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              Estimating Plasma Glucose from Interstitial Glucose: The Issue of Calibration Algorithms in Commercial Continuous Glucose Monitoring Devices

              Evaluation of metabolic control of diabetic people has been classically performed measuring glucose concentrations in blood samples. Due to the potential improvement it offers in diabetes care, continuous glucose monitoring (CGM) in the subcutaneous tissue is gaining popularity among both patients and physicians. However, devices for CGM measure glucose concentration in compartments other than blood, usually the interstitial space. This means that CGM need calibration against blood glucose values, and the accuracy of the estimation of blood glucose will also depend on the calibration algorithm. The complexity of the relationship between glucose dynamics in blood and the interstitial space, contrasts with the simplistic approach of calibration algorithms currently implemented in commercial CGM devices, translating in suboptimal accuracy. The present review will analyze the issue of calibration algorithms for CGM, focusing exclusively on the commercially available glucose sensors.
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                Author and article information

                Journal
                Diabet Med
                Diabet. Med
                10.1111/(ISSN)1464-5491
                DME
                Diabetic Medicine
                John Wiley and Sons Inc. (Hoboken )
                0742-3071
                1464-5491
                24 December 2015
                July 2016
                : 33
                : 7 ( doiID: 10.1111/dme.2016.33.issue-7 )
                : 998-1003
                Affiliations
                [ 1 ] School of MedicineUniversity of Otago ChristchurchNew Zealand
                [ 2 ] Department of MedicineUniversity of Otago ChristchurchNew Zealand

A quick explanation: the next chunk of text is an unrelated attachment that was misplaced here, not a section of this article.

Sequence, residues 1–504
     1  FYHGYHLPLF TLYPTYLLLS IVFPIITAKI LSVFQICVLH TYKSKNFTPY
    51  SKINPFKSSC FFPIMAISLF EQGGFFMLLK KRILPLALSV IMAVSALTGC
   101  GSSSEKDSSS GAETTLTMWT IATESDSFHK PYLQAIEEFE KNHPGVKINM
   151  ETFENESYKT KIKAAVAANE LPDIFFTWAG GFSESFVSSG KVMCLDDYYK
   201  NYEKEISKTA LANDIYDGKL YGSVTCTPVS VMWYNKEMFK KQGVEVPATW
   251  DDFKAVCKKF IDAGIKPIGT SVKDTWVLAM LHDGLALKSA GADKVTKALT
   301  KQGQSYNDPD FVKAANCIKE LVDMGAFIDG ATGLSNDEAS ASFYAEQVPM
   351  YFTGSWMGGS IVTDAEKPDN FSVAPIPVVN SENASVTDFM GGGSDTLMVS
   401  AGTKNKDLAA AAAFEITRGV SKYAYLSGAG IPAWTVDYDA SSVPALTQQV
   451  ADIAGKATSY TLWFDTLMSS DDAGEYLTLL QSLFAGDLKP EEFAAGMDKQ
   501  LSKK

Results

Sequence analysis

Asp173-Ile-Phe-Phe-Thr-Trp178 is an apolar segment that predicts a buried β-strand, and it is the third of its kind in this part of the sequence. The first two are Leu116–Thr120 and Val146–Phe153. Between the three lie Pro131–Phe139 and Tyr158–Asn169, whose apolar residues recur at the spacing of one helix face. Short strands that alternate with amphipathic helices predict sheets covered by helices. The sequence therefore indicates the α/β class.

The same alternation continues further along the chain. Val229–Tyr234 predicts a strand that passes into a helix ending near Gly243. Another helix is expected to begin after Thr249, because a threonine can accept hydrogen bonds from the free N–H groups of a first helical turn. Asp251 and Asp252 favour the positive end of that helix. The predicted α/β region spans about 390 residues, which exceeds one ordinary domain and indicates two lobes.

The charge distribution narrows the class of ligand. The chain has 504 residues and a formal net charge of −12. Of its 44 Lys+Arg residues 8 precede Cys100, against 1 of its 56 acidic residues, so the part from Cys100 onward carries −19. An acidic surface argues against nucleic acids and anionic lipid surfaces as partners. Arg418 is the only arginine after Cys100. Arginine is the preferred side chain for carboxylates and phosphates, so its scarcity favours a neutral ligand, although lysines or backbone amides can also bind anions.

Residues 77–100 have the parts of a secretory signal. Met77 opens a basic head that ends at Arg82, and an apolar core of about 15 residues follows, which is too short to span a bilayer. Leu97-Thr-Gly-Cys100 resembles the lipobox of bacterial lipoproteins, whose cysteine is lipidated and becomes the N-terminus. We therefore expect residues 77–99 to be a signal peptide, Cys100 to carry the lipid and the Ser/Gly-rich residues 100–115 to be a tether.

[ 3 ] Canterbury District Health BoardChristchurch Diabetes Centre ChristchurchNew Zealand
                Author notes
                [*] [* ] Correspondence to: Huan Chan. E‐mail: huan.chan@ 123456cdhb.health.nz
                Article
                DME13025
                10.1111/dme.13025
                5064751
                26536491
                4c879b3c-561e-4ba7-b1c5-7ec81df360e4
                © 2015 The Authors. Diabetic Medicine published by John Wiley & Sons Ltd on behalf of Diabetes UK.

                This is an open access article under the terms of the Creative Commons Attribution‐NonCommercial‐NoDerivs License, which permits use and distribution in any medium, provided the original work is properly cited, the use is non‐commercial and no modifications or adaptations are made.

                History
                : 28 October 2015
                Page count
                Pages: 6
                Funding
                Funded by: Diabetes Education and Research Trust
                Categories
                Research: Care Delivery
                Research Articles
                Care Delivery
                Custom metadata
                2.0
                dme13025
                July 2016
                Converter:WILEY_ML3GV2_TO_NLMPMC version:4.9.4 mode:remove_FC converted:14.10.2016

                Endocrinology & Diabetes
                Endocrinology & Diabetes